Today, I want to share my garden with my friends! I don't know why but whenever I think of the garden the Creedence Song comes to mind (which has nothing to do with gardens)
Just got home from Illinois, lock the front door, oh boy
Got to sit down, take a rest on the porch Imagination sets in, pretty soon I'm singin' Doo, doo, doo, lookin' out my back door
For years, Annie and I tried growing a maintaining a garden. It was hit and miss. One year we'd have tomatoes and zucchini and the next year, nothing was shaking. What happened was the veggies grew but the deer munched on them while we were sleeping or the soil wasn't right. Sometimes we'd have enough tomatoes to feed the city of Shorewood and other times, if we had to depend on our garden, we'd be lined up at the food shelf.
Last year, while bicycling on Madeline Island, one of the Apostle Islands on Lake Superior, we stopped to admire a woman's garden. It was fertile and overflowing with a plethora of every kind of veggie you could imagine - green and yellow zucchini, beef stake and cherry tomatoes, onions, beets, cucumbers, green beans, dill, cilantro - I mean EVERYTHING! We asked her how she did it. She told us to get a book on square foot gardening.
So we did. We had someone build us some big planter boxes that are above the ground. We had a very tall fence built, to keep out the critters and followed the instructions on how to prepare the soil.
This year Voile! We have a neat garden with lots of veggies. Anyway, just something I wanted to share! Below is more info on SFG!
Square Foot Gardening is the practice of planning small but intensively planted gardens. The phrase "square foot gardening" was popularized by Mel Bartholomew in a 1981 Rodale Press book and subsequent PBS television series. The practice combines concepts from other organic gardening methods, including a strong focus on compost, closely planted raised beds and biointensive attention to a small, clearly defined area. Proponents claim that the method is particularly well-suited for areas with poor soil, beginning gardeners or as adaptive recreation for those with disabilities.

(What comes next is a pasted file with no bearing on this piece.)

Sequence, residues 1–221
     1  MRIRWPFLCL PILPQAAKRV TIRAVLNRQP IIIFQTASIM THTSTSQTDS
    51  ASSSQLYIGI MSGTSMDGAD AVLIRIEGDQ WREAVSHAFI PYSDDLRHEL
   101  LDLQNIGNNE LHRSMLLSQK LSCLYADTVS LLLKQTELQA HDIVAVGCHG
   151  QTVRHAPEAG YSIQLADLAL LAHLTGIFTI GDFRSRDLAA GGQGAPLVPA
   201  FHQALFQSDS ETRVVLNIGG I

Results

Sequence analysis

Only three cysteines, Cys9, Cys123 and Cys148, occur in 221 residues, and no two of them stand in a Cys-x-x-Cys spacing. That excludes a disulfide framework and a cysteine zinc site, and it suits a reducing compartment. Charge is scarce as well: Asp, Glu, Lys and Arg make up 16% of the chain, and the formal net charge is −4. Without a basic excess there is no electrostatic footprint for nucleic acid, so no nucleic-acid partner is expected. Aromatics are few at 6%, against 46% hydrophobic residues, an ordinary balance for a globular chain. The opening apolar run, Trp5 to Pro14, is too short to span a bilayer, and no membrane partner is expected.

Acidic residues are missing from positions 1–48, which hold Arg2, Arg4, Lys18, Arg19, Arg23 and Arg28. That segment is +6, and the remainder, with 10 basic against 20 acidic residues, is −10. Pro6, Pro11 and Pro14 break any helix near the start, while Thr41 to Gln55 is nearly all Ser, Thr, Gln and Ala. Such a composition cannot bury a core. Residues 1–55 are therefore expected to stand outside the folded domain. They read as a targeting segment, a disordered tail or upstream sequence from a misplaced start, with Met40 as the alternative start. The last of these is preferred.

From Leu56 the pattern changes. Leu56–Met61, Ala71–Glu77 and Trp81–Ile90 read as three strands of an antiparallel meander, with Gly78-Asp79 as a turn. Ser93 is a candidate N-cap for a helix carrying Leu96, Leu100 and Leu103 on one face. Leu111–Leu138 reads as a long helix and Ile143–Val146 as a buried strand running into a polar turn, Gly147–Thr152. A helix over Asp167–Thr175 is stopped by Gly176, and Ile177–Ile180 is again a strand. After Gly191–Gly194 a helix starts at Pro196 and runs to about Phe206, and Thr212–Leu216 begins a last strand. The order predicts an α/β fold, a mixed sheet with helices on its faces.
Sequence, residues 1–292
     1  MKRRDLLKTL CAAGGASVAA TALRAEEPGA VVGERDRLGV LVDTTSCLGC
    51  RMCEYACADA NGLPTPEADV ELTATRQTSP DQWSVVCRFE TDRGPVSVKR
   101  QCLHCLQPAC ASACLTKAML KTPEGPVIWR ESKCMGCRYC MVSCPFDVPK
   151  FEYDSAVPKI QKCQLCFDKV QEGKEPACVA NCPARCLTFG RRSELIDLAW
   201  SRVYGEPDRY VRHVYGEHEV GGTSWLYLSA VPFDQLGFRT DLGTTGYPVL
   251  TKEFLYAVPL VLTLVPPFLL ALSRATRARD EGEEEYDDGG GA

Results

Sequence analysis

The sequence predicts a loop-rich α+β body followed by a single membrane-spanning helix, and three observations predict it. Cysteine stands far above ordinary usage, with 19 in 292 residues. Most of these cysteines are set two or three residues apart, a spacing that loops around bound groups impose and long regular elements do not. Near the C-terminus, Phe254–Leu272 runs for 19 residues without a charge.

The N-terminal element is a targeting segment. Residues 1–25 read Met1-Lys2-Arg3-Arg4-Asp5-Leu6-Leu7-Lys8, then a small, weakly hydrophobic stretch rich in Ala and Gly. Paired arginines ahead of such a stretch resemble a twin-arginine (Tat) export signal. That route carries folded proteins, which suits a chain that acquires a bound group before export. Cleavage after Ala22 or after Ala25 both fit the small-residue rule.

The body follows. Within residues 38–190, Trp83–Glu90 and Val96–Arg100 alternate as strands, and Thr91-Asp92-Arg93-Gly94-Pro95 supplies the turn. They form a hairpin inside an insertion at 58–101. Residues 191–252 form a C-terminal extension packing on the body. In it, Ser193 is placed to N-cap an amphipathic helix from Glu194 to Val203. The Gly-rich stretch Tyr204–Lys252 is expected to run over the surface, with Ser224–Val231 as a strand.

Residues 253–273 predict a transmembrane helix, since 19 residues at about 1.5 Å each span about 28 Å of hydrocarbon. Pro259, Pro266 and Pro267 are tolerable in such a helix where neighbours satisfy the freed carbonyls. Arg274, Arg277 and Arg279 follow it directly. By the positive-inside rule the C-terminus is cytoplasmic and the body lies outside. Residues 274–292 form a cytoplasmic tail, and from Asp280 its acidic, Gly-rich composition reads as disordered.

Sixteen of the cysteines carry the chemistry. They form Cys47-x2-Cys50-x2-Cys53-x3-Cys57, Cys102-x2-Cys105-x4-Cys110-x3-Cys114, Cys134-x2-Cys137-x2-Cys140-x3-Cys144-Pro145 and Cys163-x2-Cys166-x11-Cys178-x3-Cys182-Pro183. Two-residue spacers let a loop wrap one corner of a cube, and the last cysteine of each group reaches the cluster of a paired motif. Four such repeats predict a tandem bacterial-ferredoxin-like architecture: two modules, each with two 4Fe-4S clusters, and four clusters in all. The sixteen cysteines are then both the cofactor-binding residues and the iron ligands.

The original square-foot-gardening method used an open-bottomed box to contain a finite amount of soil, which was divided with a grid into sections. To encourage variety of different crops over time, each square would be planted with a different kind of plant, the number of plants per square depending on an individual plant's size. A single tomato plant might take a full square, as might herbs such as oregano, basil or mint, while moststrawberry plants could be planted four per square, with up to sixteen radishes per square. Tall or climbing plants such as maize or pole beans might be planted in a northern row (south in the southern hemisphere) so as not to shade other plants, and supported with lattice or netting.